Richard J. Foster, Celebration of Discipline
I’ll be honest, like most Americans, when I hear or read the word meditation, I automatically picture a Buddhist sitting cross-cross applesauce humming away for hours. I wish I weren’t so stereotypical in this regard, but I am. Understanding Christian meditation as “the ability to hear God’s voice and obey His word” and not as some lame, Christianized version of a non-Christian practice, is an important distinction. Firstly, it reveals to us a plethora of references in Holy Scripture to the discipline of Meditation
“And Isaac went out to meditate in the field at the eventide: and he lifted up his eyes, and saw, and, behold, the camels were coming.”
Genesis 24:63 KJV, emphasis added
“O how love I thy law! It is my meditation all the day. Thou through thy commandments hast made me wiser than mine enemies: For they are ever with me.”
Psalm 119:97-98 KJV, emphasis added
1 Samuel 3:1-181, Isiah 6:1-82, 1 Kings 19:9-183, and Matthew 14:134 are more biblical examples of people who were willing to dedicate their time and effort to listen and obey God. Secondly, “the ability to hear God’s voice and obey His word”, allows us to distinguish Christian meditation from its non-Christian counterparts.
As I mentioned earlier, meditation is mainly associated with Buddhism and other Eastern religions. There are indeed some superficial similarities between Christian and more traditionally Eastern forms of meditation. But fundamentally, they are worlds apart. Eastern, non-Christian religions, see meditation as the practice of emptying their minds and detaching from the world. They not only attempt to detach from the world but from themselves. To reach Nirvana they attempt to completely rid themselves of any individual personality or identify and merge with the cosmic mind of the universe. Detachment from the self and the world is the final goal. This is in stark contrast to Christian meditation where the goal is not to detach, but to attach ourselves to God. This distinction is vitally important. As Christians, we understand that humans have been created to worship. We are created to attach ourselves to someone or something. Scripture teaches us repeatedly that if we are not worshipping God, we will find other gods to worship. Whether they be idols, sinful passions, or ourselves, we will always be worshipping. God desires that we worship Him.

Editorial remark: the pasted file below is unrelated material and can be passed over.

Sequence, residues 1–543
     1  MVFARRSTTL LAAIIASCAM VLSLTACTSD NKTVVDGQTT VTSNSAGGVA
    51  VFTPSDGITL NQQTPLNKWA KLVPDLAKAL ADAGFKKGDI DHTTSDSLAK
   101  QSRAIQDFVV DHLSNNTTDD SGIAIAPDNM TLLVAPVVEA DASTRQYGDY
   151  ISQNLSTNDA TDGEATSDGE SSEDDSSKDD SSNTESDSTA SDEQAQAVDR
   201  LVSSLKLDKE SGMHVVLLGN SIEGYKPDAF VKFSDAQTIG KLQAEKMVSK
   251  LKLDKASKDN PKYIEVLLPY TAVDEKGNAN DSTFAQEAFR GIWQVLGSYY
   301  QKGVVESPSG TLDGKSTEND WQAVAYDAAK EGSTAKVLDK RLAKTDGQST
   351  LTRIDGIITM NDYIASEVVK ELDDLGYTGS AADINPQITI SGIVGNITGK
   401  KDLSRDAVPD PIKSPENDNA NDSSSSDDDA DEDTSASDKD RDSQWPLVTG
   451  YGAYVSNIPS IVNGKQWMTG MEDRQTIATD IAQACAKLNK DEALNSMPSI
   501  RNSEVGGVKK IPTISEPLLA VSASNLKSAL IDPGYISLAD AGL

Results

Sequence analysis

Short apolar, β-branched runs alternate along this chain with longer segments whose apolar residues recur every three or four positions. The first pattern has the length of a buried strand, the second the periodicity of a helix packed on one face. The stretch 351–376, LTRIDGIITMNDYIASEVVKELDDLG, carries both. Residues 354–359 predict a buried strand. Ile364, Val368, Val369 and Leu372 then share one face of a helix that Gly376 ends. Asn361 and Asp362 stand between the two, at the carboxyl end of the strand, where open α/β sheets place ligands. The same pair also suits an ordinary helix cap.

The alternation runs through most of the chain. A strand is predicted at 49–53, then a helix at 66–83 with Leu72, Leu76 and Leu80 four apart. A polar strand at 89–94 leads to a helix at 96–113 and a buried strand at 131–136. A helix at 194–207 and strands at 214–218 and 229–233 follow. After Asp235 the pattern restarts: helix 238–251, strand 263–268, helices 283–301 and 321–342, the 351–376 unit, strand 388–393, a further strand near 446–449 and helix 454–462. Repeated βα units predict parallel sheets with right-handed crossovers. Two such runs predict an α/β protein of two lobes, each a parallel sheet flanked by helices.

Outside of a plain misunderstanding of what Christian meditation is, there are a few other common objections.
Meditation is too difficult or too complicated.
It is out of touch with the reality of the modern world.
It is nothing more than religious psychological manipulation.
The objection to meditation being too complicated, I believe, comes from our tendency to overthink inner disciplines or religious practices we are unfamiliar with. We think to “listen to God’s voice and obey His word” that we must first develop the self-discipline and self-control it takes to be still enough and quiet enough to hear His voice. We think we must be saints before we can truly hear God. This is backward. Practicing the discipline of meditation, training ourselves to be quiet, still and to listen is what we do on our way to becoming saints.
As far as being out of touch with the realities of the modern world goes, my first instinct is to say “Yeah, that’s kinda the point.” The modern world is overrun with screen addictions, condoned lust and gluttony, and adults who are stuck in perpetual adolescence. As Paul Kingsnorth has keenly pointed out on several occasions, all of the seven deadly sins have been turned into virtues and monetized. If Christian meditation is what gets me out of touch with this modern world, I say bring it on! But alas, this is a far too cynical, far too un-Christ-like attitude to keep. I may have my problems with the world, and I may be right about them. But like it or not, we are called to be in the world. Remember, in it, not of it.
Christian Meditation gives us time and space to listen to God. By listening to Him and being faithful in obedience to His word, we become the light of the world. By becoming like Christ, we do not fall out of touch with the realities of the modern world. Instead, we bend the realities of the modern world and conform them to the realities set forth by God.